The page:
This is Part Four of a multipart series that aims to answer the following question: What is the “fundamental value” of Bitcoin? Part One is about the value of scarcity, Part Two — the market moves in bubbles, Part Three — the rate of adoption, and Part Four — the hash rate and the estimated price of Bitcoin.
Hash rate and the estimated price of Bitcoin
In data mining, the term “hash rate” is a security metric. The greater the hashing power, the greater its safety and resistance to external attacks. It’s one thing for a hacker to attack your home computer, but it’s another when a hacker tries to attack tens of thousands of computers around the world at the same time.
The hash rate growth is due to the ever-increasing computing power of mining servers, which also means increasing costs to mine Bitcoin (BTC). A simple rule tells us that a given activity must have economic convenience in order for it to be sustainable over time. Those who extract oil from the ground must sell it at a cost greater than the cost of extraction, those who produce electricity must sell it at a cost greater than the cost of production, and so on.
The same rule applies to Bitcoin mining, whereby the cost of electricity, the amortization of increasingly powerful servers, etc., must be lower than the revenues generated by receiving Bitcoin for the activity carried out.
Therefore, the growing difficulty of mining Bitcoin must be matched by economic convenience.
In the first months of 2010, Bitcoin paid miners about $10,000 per month. Today, thanks to the growth in the price of Bitcoin, the network of miners in the world are distributed a wealth of over $500 million per month — and this value is destined to grow.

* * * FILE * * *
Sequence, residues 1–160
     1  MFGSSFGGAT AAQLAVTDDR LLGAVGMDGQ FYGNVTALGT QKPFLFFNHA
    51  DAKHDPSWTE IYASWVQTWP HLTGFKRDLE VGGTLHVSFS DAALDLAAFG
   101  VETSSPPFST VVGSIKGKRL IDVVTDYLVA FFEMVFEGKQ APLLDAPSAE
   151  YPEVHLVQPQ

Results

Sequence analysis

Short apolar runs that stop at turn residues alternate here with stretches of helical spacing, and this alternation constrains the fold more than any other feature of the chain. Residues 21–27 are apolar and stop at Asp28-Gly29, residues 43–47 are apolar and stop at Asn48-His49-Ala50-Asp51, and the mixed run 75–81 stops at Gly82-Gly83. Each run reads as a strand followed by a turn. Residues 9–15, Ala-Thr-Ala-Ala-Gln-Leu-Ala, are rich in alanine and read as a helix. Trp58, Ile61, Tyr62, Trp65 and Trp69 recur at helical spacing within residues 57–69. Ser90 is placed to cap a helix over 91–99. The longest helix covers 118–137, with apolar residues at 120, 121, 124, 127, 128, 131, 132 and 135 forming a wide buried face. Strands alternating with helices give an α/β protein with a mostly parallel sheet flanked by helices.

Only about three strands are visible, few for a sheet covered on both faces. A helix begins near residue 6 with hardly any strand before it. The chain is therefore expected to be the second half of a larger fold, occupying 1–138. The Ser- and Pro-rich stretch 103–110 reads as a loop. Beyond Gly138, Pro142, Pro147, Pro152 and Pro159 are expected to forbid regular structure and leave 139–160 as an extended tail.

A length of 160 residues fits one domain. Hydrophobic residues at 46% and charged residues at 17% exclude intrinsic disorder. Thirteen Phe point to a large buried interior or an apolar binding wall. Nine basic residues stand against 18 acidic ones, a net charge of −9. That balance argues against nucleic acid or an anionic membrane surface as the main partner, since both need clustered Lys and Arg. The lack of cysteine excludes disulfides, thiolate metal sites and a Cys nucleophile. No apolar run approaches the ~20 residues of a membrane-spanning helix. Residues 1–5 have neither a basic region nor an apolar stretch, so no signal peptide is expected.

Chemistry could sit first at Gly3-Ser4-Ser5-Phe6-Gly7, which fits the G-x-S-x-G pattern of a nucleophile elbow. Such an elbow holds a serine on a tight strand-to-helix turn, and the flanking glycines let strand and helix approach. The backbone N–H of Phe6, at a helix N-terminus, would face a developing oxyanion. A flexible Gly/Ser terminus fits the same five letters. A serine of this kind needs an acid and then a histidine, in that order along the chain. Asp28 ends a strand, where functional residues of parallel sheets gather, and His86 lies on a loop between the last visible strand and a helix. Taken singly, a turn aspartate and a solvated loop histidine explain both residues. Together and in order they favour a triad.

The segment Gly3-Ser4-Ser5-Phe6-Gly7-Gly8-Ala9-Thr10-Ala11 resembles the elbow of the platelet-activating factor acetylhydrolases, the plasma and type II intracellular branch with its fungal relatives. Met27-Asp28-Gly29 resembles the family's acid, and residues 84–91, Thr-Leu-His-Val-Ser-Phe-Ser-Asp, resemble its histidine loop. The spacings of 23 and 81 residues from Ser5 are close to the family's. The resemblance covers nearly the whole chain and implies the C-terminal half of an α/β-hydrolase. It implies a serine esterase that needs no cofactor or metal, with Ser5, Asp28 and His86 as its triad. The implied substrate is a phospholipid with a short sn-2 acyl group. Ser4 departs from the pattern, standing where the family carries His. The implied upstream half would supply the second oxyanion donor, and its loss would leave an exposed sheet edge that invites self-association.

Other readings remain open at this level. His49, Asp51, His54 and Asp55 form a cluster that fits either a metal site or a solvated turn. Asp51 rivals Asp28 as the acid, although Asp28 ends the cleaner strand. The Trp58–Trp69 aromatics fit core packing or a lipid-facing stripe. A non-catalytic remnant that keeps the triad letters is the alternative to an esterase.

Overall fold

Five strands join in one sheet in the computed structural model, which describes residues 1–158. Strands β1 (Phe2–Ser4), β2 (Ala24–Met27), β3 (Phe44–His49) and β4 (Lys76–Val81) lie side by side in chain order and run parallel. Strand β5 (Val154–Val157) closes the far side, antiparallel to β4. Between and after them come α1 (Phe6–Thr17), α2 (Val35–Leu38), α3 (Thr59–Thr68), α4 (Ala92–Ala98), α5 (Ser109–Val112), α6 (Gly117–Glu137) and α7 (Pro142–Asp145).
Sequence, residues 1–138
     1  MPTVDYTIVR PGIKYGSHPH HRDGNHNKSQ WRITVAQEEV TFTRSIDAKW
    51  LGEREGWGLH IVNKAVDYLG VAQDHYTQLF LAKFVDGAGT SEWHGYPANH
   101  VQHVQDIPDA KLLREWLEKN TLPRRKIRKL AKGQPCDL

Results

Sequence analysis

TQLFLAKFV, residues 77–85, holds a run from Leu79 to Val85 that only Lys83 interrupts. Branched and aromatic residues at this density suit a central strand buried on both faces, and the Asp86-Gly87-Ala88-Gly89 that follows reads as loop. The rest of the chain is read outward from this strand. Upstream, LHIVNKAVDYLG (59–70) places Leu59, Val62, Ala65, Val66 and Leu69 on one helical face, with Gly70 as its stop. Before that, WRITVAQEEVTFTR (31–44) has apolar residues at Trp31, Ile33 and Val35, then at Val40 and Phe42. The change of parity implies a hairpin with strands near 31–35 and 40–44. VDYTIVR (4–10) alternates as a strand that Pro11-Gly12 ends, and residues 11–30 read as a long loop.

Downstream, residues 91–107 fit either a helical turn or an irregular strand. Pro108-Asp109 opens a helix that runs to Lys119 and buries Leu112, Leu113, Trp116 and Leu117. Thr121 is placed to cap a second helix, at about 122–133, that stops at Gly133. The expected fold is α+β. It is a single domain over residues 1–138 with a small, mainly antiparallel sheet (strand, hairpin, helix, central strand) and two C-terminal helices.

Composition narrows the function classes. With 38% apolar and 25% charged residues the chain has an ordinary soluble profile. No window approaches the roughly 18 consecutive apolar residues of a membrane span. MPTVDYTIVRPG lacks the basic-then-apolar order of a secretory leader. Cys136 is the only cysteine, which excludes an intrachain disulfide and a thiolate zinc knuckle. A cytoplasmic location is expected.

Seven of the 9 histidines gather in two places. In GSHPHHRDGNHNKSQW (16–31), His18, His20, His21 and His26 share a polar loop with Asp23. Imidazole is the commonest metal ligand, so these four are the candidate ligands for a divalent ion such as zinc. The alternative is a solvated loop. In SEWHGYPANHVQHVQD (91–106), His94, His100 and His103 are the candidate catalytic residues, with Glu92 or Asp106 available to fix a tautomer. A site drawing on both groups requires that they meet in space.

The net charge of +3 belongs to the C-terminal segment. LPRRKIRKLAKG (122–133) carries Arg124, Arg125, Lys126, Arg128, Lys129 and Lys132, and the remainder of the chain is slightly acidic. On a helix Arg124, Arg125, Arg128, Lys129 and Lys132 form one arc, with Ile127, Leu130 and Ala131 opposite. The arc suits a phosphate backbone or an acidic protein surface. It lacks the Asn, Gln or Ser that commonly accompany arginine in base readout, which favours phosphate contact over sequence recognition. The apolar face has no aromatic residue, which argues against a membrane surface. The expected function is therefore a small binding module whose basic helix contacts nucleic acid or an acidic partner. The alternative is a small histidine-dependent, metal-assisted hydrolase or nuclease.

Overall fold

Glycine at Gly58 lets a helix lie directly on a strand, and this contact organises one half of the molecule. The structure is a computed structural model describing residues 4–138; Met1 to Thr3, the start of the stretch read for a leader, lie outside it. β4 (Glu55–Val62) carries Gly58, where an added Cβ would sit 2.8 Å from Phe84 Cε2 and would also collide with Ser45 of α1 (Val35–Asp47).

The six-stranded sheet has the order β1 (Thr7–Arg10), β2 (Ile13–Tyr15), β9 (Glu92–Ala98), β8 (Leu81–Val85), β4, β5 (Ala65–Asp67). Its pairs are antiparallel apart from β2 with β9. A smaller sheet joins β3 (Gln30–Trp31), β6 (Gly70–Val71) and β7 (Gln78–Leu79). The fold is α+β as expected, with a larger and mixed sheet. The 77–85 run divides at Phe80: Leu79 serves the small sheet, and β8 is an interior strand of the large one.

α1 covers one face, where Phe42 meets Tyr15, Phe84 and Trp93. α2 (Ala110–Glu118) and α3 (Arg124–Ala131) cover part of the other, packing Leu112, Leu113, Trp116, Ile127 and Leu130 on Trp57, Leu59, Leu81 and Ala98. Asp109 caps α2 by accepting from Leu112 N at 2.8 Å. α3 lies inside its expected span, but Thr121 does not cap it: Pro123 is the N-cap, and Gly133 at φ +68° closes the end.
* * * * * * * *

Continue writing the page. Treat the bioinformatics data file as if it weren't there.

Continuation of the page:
The figure is enormous, even if partially commensurate with the consumption of electricity, but it allows us to understand the generation of wealth that this “social experiment” is able to create. As we can see from the graph, the growth of the hash rate is higher than the growth of monthly remuneration. Therefore, in order to estimate the correct price of Bitcoin based on hash rate, it is first necessary to understand the trend of remuneration for each unit of hash over time.
As we can see, the dollar remuneration of the hash rate is in sharp decline. This means that security increases almost exponentially over time, but the cost of security drops considerably over that time.
For a better understanding, while the remuneration for each block grows — despite or thanks to the halving that increases scarcity — the difficulty of undermining a new block increases much more quickly, at least for now. Therefore, the price/hash rate ratio goes down because the denominator goes up more substantially than the numerator.
So, to estimate the (non-linear) trend of decline in remuneration for hash rate, the function that best represents this trend is, as always, the power law function, as shown in the following figure.
Once we obtain this function by multiplying the two functions of hash rate growth and payment by a single hash rate, it is possible to obtain the function that approximates the monthly remuneration in U.S. dollars over time.
This result does not approximate the value of the price of a single Bitcoin but of the monthly remuneration that is growing over time, as can be seen on the previous graph.
To estimate the Bitcoin price, corrected according to this hash rate metric, it is necessary to divide this value by the average number of Bitcoin that is mined in a given month. By doing so, we obtain the typical stepped trend of the stock-to-flow model described earlier.
We can conclude that even in the face of strong volatility and apparently incomprehensible price movements, the principal three factors that move the price of Bitcoin — the scarcity, the demand and the cost of production — can be really useful to understand the dynamics of Bitcoin price movements.
We can argue that there are long-term fundamental value trends that can help to consider Bitcoin a “strategic asset class” of investment.
This article was co-authored by Ruggero Bertelli and Daniele Bernardi.